Are Your Goals Smart?

Don’t you just love a brand new year?!  I do because it’s like a sort of fresh start and this usually means making New Year’s Resolutions.  What are your New Year Resolutions?  Or better yet, what are your goals and objectives for the new year?

I used to make resolutions but guess what? I never stuck with them so I stopped making them.  Unfortunately, this is the case for most people.  The good intentions are there but most people will break their resolutions by the end of January.  This is why you see the health clubs packed with people in January resolving to lose weight but then come February, most are nowhere to be seen.

So, instead of making new year’s resolutions, I recommend that you do away with that and instead write goals and objectives instead.   As you know, one of the most important steps to achieving your goals is to actually put them in writing.  Without writing your goals down and putting together a plan to achieve them, they can remain intentions and ideals that are never realized.

What’s equally important is making sure that your goals meet the SMART criteria to be the most effective.

If you haven’t written down your goals and objectives yet this year, there is no time like the present to get this done and below is the SMART criteria to help you develop them.  And if already have, Good for you!, take a review and make sure your goals are specific, measurable, attainable, realistic and timely.

Here’s the SMART criteria…

Specific

For best results, your goals should be straightforward and emphasize what you want to accomplish so you want to ensure that your goals are very clear and specific.  Specifics help you focus your efforts and clearly define what you are going to do.

Specific is the What, Why, and How of the SMART model.

  • WHAT are you going to do? Use action words to describe.
  • WHY is this important to do at this time? What do you want to ultimately accomplish?
  • HOW are you going to do it?

Measurable

If you can’t measure it, you can’t manage it. Choose a goal with measurable progress, so you can see the change occur. How will you know you reached your goals? Be specific! “I will lose 30 pounds by June 1st” shows the specific target to be measured. “I want to lose weight” is not as measurable.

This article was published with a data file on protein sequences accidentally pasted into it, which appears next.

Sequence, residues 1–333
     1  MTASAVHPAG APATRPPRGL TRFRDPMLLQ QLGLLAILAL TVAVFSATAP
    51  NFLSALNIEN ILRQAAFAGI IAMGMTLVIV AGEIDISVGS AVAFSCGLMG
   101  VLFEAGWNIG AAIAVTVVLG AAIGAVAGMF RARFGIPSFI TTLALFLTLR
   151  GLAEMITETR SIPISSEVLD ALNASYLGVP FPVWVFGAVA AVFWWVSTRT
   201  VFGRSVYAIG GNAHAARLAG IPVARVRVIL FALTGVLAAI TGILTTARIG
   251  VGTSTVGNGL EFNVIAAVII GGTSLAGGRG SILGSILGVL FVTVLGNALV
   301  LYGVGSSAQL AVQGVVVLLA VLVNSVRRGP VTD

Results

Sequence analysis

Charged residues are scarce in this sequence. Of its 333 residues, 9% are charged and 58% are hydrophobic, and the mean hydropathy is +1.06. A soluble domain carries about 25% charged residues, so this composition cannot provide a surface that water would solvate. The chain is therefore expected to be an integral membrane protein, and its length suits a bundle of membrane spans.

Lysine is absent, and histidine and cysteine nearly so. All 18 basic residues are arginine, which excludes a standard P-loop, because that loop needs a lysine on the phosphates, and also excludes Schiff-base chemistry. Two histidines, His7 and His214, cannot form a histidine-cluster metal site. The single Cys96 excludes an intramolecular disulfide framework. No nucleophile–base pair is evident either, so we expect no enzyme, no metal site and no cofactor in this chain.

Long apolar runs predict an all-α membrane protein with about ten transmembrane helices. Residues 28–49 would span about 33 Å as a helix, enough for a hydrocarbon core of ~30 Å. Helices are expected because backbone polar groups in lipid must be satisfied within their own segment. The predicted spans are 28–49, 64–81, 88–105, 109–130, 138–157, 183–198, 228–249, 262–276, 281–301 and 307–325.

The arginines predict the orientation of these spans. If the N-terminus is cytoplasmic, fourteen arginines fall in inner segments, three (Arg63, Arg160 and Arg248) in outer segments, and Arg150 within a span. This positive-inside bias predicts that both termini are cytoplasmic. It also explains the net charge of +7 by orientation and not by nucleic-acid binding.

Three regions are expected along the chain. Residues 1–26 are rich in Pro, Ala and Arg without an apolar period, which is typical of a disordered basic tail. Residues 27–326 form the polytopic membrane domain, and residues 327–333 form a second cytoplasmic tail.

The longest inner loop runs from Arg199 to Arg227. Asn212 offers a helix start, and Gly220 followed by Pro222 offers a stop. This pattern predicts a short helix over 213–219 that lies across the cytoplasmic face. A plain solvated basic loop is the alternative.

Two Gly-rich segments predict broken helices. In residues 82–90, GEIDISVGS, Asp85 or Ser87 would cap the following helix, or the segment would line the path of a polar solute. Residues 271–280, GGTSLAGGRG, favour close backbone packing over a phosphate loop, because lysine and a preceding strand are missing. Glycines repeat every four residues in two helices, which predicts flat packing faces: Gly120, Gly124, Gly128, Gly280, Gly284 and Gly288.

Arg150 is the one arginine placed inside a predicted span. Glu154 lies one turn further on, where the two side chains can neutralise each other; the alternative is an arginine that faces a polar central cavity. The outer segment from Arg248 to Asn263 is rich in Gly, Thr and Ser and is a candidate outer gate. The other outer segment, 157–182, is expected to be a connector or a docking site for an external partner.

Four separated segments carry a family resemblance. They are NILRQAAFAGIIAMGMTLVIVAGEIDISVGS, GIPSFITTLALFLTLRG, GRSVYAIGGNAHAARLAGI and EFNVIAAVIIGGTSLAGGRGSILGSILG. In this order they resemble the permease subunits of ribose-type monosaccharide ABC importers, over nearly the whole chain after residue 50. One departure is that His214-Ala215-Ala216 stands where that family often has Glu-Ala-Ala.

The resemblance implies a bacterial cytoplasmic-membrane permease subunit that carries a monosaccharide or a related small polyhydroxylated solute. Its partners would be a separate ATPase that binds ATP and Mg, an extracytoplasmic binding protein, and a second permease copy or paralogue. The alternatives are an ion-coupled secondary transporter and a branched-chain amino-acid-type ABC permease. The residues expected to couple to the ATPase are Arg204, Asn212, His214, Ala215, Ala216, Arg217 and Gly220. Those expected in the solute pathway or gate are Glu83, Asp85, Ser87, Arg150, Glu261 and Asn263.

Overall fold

Establish concrete criteria for measuring progress toward the attainment of each goal you set. When you measure your progress, you stay on track, reach your target dates, and gain momentum, motivation and satisfaction that comes with that achievement that will spur you on to the continued effort required.

Attainable

When you identify goals that are most important to you, you begin to figure out ways you can make them come true. You develop the attitudes, abilities, skills, and financial capacity to reach them. Goals you set which are too far out of your reach, you probably won’t commit to doing. Although you may start with the best of intentions, the knowledge that it’s too much for you means your subconscious will keep reminding you of this fact and will stop you before you even really get started.

A goal needs to stretch you slightly but you must also feel you can do it and it will need a real commitment from you. For instance, if you aim to lose 20lbs in one week, we all know that isn’t achievable.  But setting a goal to lose 1 or 2 pounds a week will keep it achievable for you.

Realistic

Devise a plan or a way of getting there which makes the goal realistic. The goal needs to be realistic for you and where you are at the moment.  Be sure to set goals that you can attain with some effort! Too difficult and you set the stage for failure, but too low sends the message that you aren’t very capable.

Timely

Set a time frame for the goal: for next week, in three months, year-end, etc.  Putting an end point on your goal gives you a clear target to work towards.

If you don’t set a time, the commitment is too vague. It tends not to happen because you feel you can start at any time. Without a time limit, there’s no urgency to start taking action now.

There you have it.  I hope this was helpful in ensuring that you’re goals are written in a way that will be most effective.

Now, get to work on achieving those goals and remember to “Eat that elephant one bite at a time” and keep revisiting, documenting your progress (don’t forget to pat yourself on the back every now and then too – Very Important!!) and even tweaking if need be along the way.  Inch-by-inch, day-by-day, you can do ANYTHING!!!

Wishing you a Very Happy and Prosperous 2011 and beyond.

To Your Success!

Laura Paulson

Laura is a digital marketer and entrepreneur building assets that spin off passive residual income. She created the Marketing Training Portal with 'Quick Hits' Marketing Tips Blog and Newsletter to help fellow entrepreneurs sort through all the noise and information overload for real-world, actionable tactics and strategies to put into action to accelerate their business growth.

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Jacquelyn - 5 years ago Reply

Beautiful post. I actually write a huge list of resolutions every year in 3 areas of my life (Personal, Business, and Financial).

This is what works for me:
1. I write the in the tense that it is already accomplished.
2. I tape my resolutions list to my bathroom mirror.

I get to see it every day and get happy as they become reality.
Jacquelyn ..Home Business Smart Officially Launched!

Dr. Robert Doebler - 5 years ago Reply

I’ve always loved the advice “Dream big” but at the same time, I think it is very important to be realistic as well. Because in reality, that rarely works out, dreaming things that are out of proportion. There will only be a lot of wasted time and effort plus frustrations.

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